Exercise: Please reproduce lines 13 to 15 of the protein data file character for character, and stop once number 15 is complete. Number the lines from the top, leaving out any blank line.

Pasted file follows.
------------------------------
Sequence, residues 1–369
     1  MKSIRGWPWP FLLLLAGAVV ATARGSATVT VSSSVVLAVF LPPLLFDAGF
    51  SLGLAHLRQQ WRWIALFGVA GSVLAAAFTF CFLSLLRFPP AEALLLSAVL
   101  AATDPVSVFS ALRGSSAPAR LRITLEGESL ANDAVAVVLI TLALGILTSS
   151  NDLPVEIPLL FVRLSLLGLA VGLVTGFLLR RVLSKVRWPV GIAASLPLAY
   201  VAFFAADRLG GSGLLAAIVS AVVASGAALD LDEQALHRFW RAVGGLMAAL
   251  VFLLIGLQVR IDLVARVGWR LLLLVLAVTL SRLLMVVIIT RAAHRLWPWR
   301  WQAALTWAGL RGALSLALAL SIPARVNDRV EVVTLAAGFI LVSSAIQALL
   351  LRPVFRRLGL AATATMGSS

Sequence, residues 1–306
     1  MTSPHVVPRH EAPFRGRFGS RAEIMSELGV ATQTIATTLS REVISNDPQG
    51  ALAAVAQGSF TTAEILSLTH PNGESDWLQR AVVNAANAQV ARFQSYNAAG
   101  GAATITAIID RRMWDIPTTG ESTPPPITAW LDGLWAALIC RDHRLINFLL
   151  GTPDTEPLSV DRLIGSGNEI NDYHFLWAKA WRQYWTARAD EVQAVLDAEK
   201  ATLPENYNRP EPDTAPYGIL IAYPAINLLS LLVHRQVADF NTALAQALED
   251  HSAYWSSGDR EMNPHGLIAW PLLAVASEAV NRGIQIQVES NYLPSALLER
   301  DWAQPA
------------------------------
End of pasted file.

   101  GAATITAIID RRMWDIPTTG ESTPPPITAW LDGLWAALIC RDHRLINFLL
   151  GTPDTEPLSV DRLIGSGNEI NDYHFLWAKA WRQYWTARAD EVQAVLDAEK
   201  ATLPENYNRP EPDTAPYGIL IAYPAINLLS LLVHRQVADF NTALAQALED